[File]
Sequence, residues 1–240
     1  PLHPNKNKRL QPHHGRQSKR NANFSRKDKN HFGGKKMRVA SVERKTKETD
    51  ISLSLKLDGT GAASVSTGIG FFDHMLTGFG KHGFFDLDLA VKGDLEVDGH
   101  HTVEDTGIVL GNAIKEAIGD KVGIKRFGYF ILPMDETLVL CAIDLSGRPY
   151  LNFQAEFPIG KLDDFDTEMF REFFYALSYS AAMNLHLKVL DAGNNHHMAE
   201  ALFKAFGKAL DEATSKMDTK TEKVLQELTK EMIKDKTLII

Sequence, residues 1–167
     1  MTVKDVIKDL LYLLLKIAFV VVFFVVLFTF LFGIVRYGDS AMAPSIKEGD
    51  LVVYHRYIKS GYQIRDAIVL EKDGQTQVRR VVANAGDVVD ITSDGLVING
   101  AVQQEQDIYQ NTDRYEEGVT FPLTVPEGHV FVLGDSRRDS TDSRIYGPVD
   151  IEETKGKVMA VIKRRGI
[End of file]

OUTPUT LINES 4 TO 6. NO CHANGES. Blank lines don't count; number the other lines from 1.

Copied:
   101  HTVEDTGIVL GNAIKEAIGD KVGIKRFGYF ILPMDETLVL CAIDLSGRPY
   151  LNFQAEFPIG KLDDFDTEMF REFFYALSYS AAMNLHLKVL DAGNNHHMAE
   201  ALFKAFGKAL DEATSKMDTK TEKVLQELTK EMIKDKTLII